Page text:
A mishmash of 825 mechanized boxes, they jammed into each other until they evoke the percussion of a distant genre. A collection of 663 delayed metal cleaners, popping from the surface until they apply a congested gendang venue. A surface of 1,1000 sqft of plastic wrap, ripped by vents and calls the music static. These are just three of the dozens of facilities and statues that Swiss composer Zimoun has orchestrated over the past 2 decades, evokes incredible noise from clusters of everyday objects. (Highly recommended: Pass a few laughs and enthralled minutes or hours watching Zimoun’s clever system.) They are attempts to create a feeling of discord through regulation, you’ re overwhelmed by their influence. While such statues are jobs, them trigger a keen sense of question — and where in your day-to-day life have you ignored those kind of options?
Zimoun’s true songs, tho, have never quite collected the many sibling sensations of plot and fantasy quite like Guitar Studies I–III, a new masterpiece of meticulously created and completely engaging hour-long guitar robots that signals his breakthrough for Lawrence English’s vital Room 40. For each piece, Zimoun recorded an hour-long guitar solo, apiece, discovering a different concept, like an engine buzzing the lines, or a game tapping against them. He performed such takes through an arrangement of amplifiers, often hi-fi, but sometimes dirty, and occasionally re-recorded the results by playing the passes back through carboard pipes and even half-broken audio mottled with dust. There’s no channel or workaround Here. An apparent fiend for drudgery, Zimoun sewn and matched the strands until they match, criss crossed them over for neck and corrugation.
If that everything gets complicated, just remember this: By compacting together so many strands, Zimoun produces stretches of electrical noise which appear to either stop or start, neither the underside nor the sides. Hearing feels like strolling through a desert that appears lifeless until you realize why everything really is, and the Earth itself. “It could even be endless!” Zimoun once spoke of a previously updated version. “It is not happening anywhere and not arriving from anywhere — even if it is continuously changing.” Let’s finally bring to light some more, he masters that phenomenon.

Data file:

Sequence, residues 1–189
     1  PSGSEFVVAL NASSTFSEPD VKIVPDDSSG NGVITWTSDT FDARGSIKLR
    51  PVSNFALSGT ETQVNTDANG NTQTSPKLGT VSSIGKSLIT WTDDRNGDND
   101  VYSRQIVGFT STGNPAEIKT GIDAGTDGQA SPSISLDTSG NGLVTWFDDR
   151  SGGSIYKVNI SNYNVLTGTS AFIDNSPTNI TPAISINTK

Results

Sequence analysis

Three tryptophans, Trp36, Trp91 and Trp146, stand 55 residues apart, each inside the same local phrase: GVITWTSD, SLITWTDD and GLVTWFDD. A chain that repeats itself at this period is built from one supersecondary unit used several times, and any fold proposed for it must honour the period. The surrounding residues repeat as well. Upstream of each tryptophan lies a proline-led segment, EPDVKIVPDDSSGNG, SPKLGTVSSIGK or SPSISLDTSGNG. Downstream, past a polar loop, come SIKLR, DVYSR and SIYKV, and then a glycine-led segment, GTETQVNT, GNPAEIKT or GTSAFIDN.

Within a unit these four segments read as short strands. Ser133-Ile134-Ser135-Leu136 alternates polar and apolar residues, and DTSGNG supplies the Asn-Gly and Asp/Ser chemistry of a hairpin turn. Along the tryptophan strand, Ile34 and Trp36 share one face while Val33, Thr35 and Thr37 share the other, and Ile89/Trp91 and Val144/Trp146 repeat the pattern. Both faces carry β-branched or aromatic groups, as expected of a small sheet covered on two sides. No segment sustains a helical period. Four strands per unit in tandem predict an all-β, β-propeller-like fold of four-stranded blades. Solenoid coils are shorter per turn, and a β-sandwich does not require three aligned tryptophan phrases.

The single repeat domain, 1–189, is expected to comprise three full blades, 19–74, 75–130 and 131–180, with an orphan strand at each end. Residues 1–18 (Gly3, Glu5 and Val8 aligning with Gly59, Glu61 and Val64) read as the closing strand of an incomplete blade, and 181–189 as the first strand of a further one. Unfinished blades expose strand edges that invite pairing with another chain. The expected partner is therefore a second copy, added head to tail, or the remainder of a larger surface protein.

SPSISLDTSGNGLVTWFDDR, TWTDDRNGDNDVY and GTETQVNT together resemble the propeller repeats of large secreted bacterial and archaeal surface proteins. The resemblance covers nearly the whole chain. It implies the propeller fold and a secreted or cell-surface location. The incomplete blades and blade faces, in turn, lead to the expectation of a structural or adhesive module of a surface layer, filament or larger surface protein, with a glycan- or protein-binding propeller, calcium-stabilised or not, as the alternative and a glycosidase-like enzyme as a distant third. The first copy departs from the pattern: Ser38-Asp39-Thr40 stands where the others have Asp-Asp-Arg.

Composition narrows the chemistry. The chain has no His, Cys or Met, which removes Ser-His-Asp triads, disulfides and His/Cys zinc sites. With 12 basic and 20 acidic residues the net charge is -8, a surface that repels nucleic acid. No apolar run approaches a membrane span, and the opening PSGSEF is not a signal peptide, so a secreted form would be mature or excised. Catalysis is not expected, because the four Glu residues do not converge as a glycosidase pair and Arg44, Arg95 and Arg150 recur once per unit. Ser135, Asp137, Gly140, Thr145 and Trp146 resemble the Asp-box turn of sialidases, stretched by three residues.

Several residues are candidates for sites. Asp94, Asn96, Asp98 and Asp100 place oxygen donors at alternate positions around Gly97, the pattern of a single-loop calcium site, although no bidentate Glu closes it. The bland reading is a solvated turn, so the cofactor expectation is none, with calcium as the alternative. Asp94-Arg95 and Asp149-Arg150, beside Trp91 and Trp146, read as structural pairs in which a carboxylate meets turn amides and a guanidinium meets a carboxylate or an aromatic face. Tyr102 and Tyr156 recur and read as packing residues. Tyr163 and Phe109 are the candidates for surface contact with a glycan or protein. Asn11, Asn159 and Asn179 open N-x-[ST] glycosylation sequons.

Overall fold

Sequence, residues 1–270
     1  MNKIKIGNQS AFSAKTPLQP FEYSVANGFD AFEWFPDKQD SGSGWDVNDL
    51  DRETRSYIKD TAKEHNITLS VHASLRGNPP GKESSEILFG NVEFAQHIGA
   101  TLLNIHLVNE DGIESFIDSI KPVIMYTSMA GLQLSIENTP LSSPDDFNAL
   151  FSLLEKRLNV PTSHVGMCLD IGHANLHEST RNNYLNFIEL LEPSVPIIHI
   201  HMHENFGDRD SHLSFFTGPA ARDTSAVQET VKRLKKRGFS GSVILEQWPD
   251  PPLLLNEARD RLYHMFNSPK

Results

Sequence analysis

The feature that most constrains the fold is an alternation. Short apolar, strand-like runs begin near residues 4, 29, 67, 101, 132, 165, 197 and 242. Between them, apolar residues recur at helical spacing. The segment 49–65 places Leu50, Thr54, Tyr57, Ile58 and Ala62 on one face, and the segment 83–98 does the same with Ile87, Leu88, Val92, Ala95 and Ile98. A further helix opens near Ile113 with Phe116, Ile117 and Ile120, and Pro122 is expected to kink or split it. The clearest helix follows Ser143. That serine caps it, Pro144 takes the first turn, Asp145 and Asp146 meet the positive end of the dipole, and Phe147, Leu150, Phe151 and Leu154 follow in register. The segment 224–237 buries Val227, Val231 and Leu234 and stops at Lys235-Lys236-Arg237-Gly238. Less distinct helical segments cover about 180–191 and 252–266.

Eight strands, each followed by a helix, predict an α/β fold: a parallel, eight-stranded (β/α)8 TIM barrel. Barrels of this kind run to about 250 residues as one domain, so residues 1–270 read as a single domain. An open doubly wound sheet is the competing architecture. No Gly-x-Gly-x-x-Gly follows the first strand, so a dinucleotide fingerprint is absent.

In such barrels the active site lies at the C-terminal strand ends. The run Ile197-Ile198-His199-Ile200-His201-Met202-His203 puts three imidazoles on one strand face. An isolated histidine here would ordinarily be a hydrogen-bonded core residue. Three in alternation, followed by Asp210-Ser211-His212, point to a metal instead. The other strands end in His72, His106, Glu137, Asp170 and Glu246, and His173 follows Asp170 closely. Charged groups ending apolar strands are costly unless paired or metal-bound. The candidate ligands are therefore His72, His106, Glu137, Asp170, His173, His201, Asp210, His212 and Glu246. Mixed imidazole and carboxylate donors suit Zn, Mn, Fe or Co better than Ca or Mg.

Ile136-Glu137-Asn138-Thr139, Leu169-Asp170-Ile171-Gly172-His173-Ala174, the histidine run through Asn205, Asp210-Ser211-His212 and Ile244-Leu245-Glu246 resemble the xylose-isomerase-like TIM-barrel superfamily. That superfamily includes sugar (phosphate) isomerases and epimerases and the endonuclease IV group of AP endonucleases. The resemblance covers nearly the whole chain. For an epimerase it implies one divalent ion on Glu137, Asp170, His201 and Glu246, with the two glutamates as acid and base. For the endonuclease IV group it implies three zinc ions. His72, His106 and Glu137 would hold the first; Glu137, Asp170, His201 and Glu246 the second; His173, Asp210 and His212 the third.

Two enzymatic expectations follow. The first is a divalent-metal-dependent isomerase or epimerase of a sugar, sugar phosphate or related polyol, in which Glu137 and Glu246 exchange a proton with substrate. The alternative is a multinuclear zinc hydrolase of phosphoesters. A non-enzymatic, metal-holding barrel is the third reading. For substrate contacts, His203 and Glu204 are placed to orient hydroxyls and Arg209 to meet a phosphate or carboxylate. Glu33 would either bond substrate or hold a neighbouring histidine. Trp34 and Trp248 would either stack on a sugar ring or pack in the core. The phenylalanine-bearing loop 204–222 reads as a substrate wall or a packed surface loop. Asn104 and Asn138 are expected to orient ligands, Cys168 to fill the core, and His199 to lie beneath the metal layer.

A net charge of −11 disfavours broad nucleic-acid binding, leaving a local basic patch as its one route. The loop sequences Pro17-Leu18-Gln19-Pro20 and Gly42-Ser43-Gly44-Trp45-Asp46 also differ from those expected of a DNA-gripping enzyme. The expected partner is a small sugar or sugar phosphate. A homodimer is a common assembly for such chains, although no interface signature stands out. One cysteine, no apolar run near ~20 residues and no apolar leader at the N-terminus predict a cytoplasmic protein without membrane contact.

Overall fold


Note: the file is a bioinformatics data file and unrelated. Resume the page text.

The first of these three massive pieces unspools in a relatively quiet soliloquy from a member of Sunn O))). Massive chords roar in seemingly endless waves, buttressed by low harmonies and static quakes that rise and fall, like breathing. The more you listen and The longer you listen, Though they are in no hurry to decide if the new generation shall ever grow up, the more you hear; in the background of the second half of the track, for instance, Here’s a piercing hum. Hearing that high tone glacially peel away from the surrounding lows is a subtle but visceral thrill, like time-lapse video of seasonal ice breakup.
The 64-minute finale moves like one of Rhys Chatham or Glenn Branca’s signature guitar armies;, distilled until only the absolute essence remains. A fluorescent guitar tone serves as the through line of the piece, while other guitars offer variations — a distant tremolo murmur, a shorting cable crackle, a sweetly sighing riff. Just as there’s no clear beginning or end, “III” suggests that Zimoun doesn’t intend this music to be happy or sad, glowing or gloomy; as with reality, it hangs always somewhere in between.
This liminal sense is absorbed by the body “II” the album’s centerpiece and masterpiece, plus its best balancing act between control and chaos. A murmur of A melody repeats from start to finish, like a spring daydream beset by static blips and ghostly hums. Think GAS marooned in the Black Forest, or Fennesz forever scoring the same square inch of shimmering ocean. The piece feels one note away from collapse or completion, as if one more element would either end it or elevate it into euphoria. But change never comes, so “II” just flickers like an eternal flame, beautiful and bright, but somber.
Guitar Studies iiii will be one of the most rote criticisms of experimental music: everyone can do it, right? This Actually works, Maybe! Zimoun has been a guitarist since he was 10 years old, there are no fanciful licks or elaborate riffs here, Just patience and imagination. Given enough time and pedals to pedal, most decently competent instrumentalists can approximate most of these sounds, even if they did not have the resources to make such intricate cakes. That way, this music reflects geologic deep time, where rather ordinary events repeated over millions of years have shaped a splendid planet of mountains and canyons, rivers and plains. No one moment makes history or even stuns you; taken as a whole, the effect is awe-inspiring.